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The Shepherd's Crown by Terry Pratchett
MembersReviewsPopularityAverage ratingConversations / Mentions
1,485748,093 (4.2)1 / 93
A Shivering Of Worlds. Deep in the Chalk, something is stirring. The owls and the foxes can sense it, and Tiffany Aching feels it in her boots. An old enemy is gathering strength. This is a time of endings and beginnings, old friends and new, a blurring of edges and a shifting of power. Now Tiffany stands between the light and the dark, the good and the bad. As the fairy horde prepares for invasion, Tiffany must summon all the witches to stand with her. To protect the land. Her land. There will be a reckoning...The Final DiscWorld Novel.… (more)
Title:The Shepherd's Crown
Authors:Terry Pratchett
Collections:ebooks, Working on
Tags:Fic, SF, !Po, _import170807, __make_cover

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The Shepherd's Crown by Terry Pratchett


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English (72)  German (2)  All languages (74)
Showing 1-5 of 72 (next | show all)
Bittersweet ending to the Discworld series. I salute you Sir Terry ( )
  Mary_Beth_Robb | Feb 4, 2020 |
too be added ( )
  EdwinKort | Oct 18, 2019 |
Glorious. It's obvious he meant to circle back to some spots, but even his sketches are heartbreakingly wonderful. Thank you, Sir Terry. ( )
  laureenH | Aug 26, 2019 |
This book does a good solid job of finishing off the story of Tiffany Aching, as she moves from teenage witch to adult witch. Sections felt rushed, and there wasn't the cohesiveness of story that came in the other stories in the series, which might be because, as per the afterword "...it was, still, not quite as finished as he would have liked when he died...". Still worth reading though. ( )
  fred_mouse | Jun 2, 2019 |
I thought I had already said good-bye to Discworld, but when I spotted this on the shelf in a shop in London who was I to argue? 'Raising Steam' had been a let-down, and I'd frankly hoped that the rumors of another Discworld book would have meant one focused on the characters of Death and Susan Bones. I'd forgotten all about it and somehow missed the buzz of this book's release.

Tiffany Aching is a favorite of mine though, so a sequel to 'I Shall Wear Midnight' was a pleasant surprise. The time has come for Granny Weatherwax to move on and she leaves Tiffany Aching her cottage in Lancre, and with it her 'unofficial' position as head witch. Granny's death causes grief and consternation, to be sure, but it also sparks unhealthy ambitions in old enemies.

The main dilemma of the book, however, is the difficulty of striking a balance between a personal life and a private one. Also, where to draw the line of helping people before you allow yourself to ask for help. The afterword to the book gives some insight into Pratchett's writing style and a reader can see where areas would have been filled in if Pratchett had had the time. It is a solid book though, and in many ways stronger than the previous two Discworld outings.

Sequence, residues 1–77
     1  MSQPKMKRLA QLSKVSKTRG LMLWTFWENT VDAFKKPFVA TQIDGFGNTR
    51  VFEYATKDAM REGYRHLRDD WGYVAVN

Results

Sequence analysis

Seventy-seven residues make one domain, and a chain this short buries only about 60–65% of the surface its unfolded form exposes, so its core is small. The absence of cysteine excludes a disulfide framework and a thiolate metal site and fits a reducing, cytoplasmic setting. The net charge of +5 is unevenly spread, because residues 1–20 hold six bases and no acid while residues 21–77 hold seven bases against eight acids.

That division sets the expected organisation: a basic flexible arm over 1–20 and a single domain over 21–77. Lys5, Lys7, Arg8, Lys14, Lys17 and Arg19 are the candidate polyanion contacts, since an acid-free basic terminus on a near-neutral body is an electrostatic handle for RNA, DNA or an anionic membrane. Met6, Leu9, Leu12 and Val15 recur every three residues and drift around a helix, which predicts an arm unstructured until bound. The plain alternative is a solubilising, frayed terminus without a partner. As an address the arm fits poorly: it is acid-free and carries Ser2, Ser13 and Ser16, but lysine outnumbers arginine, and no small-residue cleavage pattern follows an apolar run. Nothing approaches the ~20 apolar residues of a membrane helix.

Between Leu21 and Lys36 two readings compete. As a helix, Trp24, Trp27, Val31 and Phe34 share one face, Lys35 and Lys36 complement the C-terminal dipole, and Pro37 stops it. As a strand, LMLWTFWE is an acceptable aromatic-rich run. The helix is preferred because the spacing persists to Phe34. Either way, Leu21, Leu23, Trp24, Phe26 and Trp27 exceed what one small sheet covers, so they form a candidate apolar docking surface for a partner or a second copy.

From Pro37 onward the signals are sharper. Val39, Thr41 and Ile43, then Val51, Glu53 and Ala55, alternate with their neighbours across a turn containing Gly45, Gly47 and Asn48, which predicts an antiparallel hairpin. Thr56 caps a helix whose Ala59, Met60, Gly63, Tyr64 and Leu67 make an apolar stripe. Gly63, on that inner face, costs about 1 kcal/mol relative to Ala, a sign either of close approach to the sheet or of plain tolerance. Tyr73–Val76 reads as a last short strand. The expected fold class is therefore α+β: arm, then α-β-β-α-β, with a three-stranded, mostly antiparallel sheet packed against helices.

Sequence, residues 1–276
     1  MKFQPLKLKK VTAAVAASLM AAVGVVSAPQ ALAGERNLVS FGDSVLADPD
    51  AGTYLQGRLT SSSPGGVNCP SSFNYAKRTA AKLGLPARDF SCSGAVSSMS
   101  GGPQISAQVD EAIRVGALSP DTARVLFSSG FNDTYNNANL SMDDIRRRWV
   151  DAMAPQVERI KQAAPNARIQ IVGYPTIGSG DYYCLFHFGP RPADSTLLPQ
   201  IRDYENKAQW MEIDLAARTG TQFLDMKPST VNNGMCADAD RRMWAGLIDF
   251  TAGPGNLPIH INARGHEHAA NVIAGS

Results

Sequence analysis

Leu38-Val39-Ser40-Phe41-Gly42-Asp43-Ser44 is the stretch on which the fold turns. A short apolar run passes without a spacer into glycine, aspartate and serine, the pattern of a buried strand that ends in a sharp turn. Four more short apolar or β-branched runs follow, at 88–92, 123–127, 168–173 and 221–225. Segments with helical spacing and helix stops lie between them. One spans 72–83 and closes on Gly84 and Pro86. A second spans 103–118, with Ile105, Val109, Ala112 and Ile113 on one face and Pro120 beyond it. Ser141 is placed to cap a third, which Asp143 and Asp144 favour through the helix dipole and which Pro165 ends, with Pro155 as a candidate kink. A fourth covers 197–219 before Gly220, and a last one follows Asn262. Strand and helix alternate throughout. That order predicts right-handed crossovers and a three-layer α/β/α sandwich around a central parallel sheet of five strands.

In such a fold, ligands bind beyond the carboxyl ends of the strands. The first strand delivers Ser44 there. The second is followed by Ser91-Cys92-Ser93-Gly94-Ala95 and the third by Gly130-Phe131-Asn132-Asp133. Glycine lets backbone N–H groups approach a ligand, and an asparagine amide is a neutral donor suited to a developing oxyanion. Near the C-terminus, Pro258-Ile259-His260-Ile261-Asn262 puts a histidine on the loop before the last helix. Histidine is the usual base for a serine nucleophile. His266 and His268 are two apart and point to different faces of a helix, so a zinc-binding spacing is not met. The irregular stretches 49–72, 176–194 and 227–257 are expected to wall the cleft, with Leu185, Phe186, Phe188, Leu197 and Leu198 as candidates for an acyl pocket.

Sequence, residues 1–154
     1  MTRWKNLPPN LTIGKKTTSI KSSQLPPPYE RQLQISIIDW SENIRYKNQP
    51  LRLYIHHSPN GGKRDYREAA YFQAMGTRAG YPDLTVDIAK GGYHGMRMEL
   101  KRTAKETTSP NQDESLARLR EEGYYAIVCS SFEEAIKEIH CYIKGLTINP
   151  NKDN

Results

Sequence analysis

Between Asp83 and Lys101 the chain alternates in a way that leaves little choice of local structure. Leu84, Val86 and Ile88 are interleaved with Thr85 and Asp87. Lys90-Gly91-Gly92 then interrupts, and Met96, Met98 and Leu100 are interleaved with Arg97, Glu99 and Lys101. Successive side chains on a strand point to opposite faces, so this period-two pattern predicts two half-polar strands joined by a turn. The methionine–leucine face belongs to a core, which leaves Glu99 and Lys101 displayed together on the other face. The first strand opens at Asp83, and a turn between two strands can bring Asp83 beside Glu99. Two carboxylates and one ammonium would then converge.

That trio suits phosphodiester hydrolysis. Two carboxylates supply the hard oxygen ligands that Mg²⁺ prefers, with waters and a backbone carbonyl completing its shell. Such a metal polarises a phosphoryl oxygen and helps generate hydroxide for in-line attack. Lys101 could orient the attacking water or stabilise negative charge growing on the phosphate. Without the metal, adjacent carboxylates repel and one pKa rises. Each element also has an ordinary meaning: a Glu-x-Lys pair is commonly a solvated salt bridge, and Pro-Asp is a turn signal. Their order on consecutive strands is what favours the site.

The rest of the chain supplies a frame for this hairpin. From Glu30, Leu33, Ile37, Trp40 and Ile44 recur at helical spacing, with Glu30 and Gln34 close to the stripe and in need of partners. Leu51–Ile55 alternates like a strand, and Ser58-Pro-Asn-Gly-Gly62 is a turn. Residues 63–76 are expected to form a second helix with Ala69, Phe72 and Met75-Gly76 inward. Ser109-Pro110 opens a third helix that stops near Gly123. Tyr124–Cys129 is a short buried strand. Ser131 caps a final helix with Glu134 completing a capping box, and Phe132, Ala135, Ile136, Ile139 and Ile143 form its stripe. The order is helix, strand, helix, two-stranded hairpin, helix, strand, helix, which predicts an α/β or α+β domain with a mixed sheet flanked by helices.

Previous: 'Raising Steam' ( )
  ManWithAnAgenda | Feb 18, 2019 |
Showing 1-5 of 72 (next | show all)
But in The Shepherd's Crown, I've come to realize what it is about these books that makes them so special and endeared them so well to Pratchett's own heart: it's their compassion.
added by JerryMmm | editBoingBoing, Cory Doctorow (Nov 17, 2015)
But Shepherd's Crown is still recognizably Pratchett, from the giggle-fit-inducing footnotes to the stern moral message about selflessness, empathy and caring for others. And there's just as much of a moral stance in the way the book addresses the death of a longtime pillar of the Discworld: People around the Disc sense that something pivotal has happened. They stop to acknowledge the gravity of the moment. They pay their respects. And then they return to their lives.
Pratchett, with his sardonic inventiveness, social satire, play on language, deep feeling for landscape and love of what is best in human nature, had less critical praise than he deserved. His heroes and heroines are not royalty in disguise, but thieves, con-men, shepherds, soldiers and midwives. In his championing of the ordinary, the sensible and the slightly silly he went against the grain – and never more so than in creating Tiffany Aching.
added by melmore | editThe Guardian, Amanda Craig (Aug 30, 2015)
Above all, though, “The Shepherd’s Crown” — like all of Pratchett’s fiction — stresses the importance of helping others. Beyond this, I think that Pratchett’s farewell advice would be to follow his witches’ sensible principle: “Just do the work you find in front of you and enjoy yourself.”
Nothing in Pratchett stays still and his inventive energy, book after book after book, is astounding. Yet, as I say, the increasing complexity of the characters is accompanied by an increasing likableness as well as interest.
added by melmore | editThe Guardian, A. S. Byatt (Aug 26, 2015)

» Add other authors (6 possible)

Author nameRoleType of authorWork?Status
Pratchett, Terryprimary authorall editionsconfirmed
Wilkins, RobAfterwordsecondary authorall editionsconfirmed
Briggs, StephenNarratorsecondary authorsome editionsconfirmed
Kidby, PaulIllustratorsecondary authorsome editionsconfirmed
Robinson, TonyNarratorsecondary authorsome editionsconfirmed
Tierney, JimCover artistsecondary authorsome editionsconfirmed
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For Esmerelda Weatherwax—mind how you go
First words
It was born in the darkness of the Circle Sea; at first just a soft floating thing, washed back and forth by tide after tide.
Last words
(Click to show. Warning: May contain spoilers.)
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Haiku summary
Tiffany Aching
Defeats the elves, finds her place.
R.I.P. Pterry

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